However, you might find it interesting to know that Rosa was not the first black woman to refuse to give up her seat, but was instead the first who was well known in Montgomery society. When ‘Rosa’s been arrested’ calls were made, people acted. She was on a lot of committees and made dresses for the children of the rich and privileged. This is really interesting for safety professionals, as studies have shown that we treat acquaintances as well, if not better, than friends.
The second taboo — although it may be pushing it a bit to call it a genuine taboo — is turning your back on people you know when they are in trouble. It’s just not done.
So the final way we make our desired behaviours taboo is to go out and talk to people about them and make these people acquaintances with this walk and talk process. While we’re out there, if we need a behavioural promise, we can ask them to look us in the eye and use ‘I’ when they promise a behaviour, as studies show we are three times less likely to break that promise than if we can get away with a mumble into the ground.
You may wonder how a simple thing like that can impact on behaviour to a factor of three. The answer is that in our children’s terminology that’s a ‘pinky promise’. That’s not fobbing someone off or sliding out of something with clever wordplay; it’s ‘giving our word’. Breaking our word is taboo.
If I ever heard that a visiting rugby supporter had had a bad experience at the Millennium Stadium at the hands of rude, aggressive or hostile home fans, I’d be utterly mortified, just as the quarry worker was furious that I’d suggested he had cut any corners near explosives. Such mind-sets can’t be conjured with a pen, they are hard won. If we want a key behaviour to be genuinely taboo rather than simply an item on a wish list, then in a variety of ways that reflect genuine management commitment, we’ll have to graft to get there.
Then again, is that really very different to achieving anything else in life that’s highly desirable and much cherished?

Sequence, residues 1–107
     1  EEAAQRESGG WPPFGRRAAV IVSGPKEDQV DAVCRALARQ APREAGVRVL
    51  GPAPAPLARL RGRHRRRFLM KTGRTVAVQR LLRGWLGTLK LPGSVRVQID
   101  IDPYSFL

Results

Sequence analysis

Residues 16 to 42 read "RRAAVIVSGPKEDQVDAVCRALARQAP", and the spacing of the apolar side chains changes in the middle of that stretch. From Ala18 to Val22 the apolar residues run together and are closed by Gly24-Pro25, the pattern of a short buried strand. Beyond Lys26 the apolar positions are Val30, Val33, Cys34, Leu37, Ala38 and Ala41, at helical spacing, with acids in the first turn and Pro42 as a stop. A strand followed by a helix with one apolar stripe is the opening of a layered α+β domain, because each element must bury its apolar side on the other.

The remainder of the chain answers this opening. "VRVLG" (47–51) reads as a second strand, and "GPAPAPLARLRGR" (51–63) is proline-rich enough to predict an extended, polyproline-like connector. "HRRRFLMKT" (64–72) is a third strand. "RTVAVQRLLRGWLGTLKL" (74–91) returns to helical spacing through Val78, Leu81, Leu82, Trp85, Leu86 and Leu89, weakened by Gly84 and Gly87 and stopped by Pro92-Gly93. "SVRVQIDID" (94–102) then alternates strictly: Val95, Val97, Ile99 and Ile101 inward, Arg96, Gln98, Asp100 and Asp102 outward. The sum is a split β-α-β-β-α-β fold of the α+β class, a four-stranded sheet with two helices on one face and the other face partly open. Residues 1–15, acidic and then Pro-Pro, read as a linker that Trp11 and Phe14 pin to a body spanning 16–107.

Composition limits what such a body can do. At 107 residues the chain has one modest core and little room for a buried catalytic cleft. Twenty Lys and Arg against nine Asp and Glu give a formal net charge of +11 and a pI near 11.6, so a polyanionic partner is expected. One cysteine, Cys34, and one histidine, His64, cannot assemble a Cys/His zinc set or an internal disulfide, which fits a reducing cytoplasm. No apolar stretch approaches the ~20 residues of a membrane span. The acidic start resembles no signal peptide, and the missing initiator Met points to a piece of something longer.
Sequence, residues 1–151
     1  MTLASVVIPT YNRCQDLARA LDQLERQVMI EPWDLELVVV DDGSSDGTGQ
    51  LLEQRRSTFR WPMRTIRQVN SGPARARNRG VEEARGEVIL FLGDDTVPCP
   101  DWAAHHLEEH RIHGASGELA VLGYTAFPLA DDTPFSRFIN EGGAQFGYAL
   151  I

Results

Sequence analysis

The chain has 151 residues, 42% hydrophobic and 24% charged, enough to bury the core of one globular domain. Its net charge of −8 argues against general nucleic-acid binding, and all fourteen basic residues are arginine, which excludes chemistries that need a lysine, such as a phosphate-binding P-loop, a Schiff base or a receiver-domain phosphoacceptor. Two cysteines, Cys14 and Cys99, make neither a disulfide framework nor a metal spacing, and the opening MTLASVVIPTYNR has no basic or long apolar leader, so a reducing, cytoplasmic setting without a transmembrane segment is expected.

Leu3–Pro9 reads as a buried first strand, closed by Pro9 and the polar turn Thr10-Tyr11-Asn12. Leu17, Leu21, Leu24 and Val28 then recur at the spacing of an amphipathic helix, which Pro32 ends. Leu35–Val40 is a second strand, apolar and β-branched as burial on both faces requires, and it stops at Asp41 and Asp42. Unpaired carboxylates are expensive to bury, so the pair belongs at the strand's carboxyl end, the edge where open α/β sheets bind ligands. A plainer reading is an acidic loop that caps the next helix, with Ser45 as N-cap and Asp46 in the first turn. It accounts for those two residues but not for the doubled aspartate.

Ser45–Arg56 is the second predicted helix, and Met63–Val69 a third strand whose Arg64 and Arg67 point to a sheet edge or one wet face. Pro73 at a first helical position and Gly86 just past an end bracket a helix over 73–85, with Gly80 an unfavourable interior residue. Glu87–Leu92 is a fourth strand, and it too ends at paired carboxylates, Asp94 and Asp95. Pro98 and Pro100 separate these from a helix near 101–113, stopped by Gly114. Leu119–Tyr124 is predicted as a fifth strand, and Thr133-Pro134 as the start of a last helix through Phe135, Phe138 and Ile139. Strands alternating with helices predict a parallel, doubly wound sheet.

1 Inder Poonaji, head of H&E, Nestle UK “safety across borders” presentation.
2 Charles Duhigg (2013). “The power of habit”, Random House.
Dr Tim Marsh is managing director of Ryder-Marsh Safety Ltd
Continuing professional development is the process by which OSH practitioners maintain, develop and improve their skills and knowledge. CPD is very flexible in its approach to the ways in which CPD can be accrued, and one way is by reflecting on what you have learnt from the information you receive in your professional magazine. By answering the questions below, practitioners can award themselves credits. One, two or three credits can be awarded, depending on what has been learnt — exactly how many you award yourself is up to you, once you have reflected and taken part in the quiz.
There are ten questions in all, and the answers can be found at the end of this article.
1. A taboo can be described as:
a) The way we do things around here
b) Doing something we know we should do
c) Something we just don’t do
d) Something we tell people not to do
2. The tipping point of ensuring a certain behaviour is exhibited can be considered to have been reached when the compliance rate has reached:
a) 75 per cent
b) 90 per cent
c) 50 per cent
d) 25 per cent
3. Taboos are a factor of:
a) Social class
b) Policy and procedures
c) Disciplinary processes
4. At work, examples of taboos could include:
a) Not wearing a hard hat when the supervisor is watching
b) Overriding a lock out system
c) Copying an existing risk assessment to cover a new situation
d) Signing a permit without checking the controls are in place
5. In order to be credible, taboos must:
a) Be applicable to all situations at work
b) Be applicable to particular situations
c) Be applicable to blanket rules irrespective of their relevance
d) Be relevant to hard data
6. In order to understand why people are not exhibiting desired behaviours, it is helpful to:
a) Consider if we have told people what to do often enough
b) Consult the policies and procedures
c) Consider if it is difficult to do the job safely
d) Consider if enough has been done to facilitate the desired behaviour
7. The best approach to rules is:
a) Ensuring there are plenty of rules to control behaviour
b) Policing all rules irrespective of the situation
c) Introducing more rules if existing ones are not followed
d) Having fewer, but better, rules
8. In order to ensure compliance with rules, managers should:
a) Tell people loudly what to do
b) Police compliance with the rules at every opportunity
c) Consult and educate the workforce
d) Encourage an element of autonomy through trust
9. In order to lead, managers should:
a) Always exhibit desired behaviours themselves
b) Condone undesired behaviour when they think it appropriate
c) Challenge anyone not exhibiting desired behaviours
d) Demonstrate the behaviours themselves at least 50 percent of the time
10. We can make undesired behaviours taboo by:
a) Repeatedly telling people about them
b) Making acquaintance with people through walk and talk processes
c) Getting a quick agreement from people on them
d) Ensuring eye contact is made when behavioural promises are made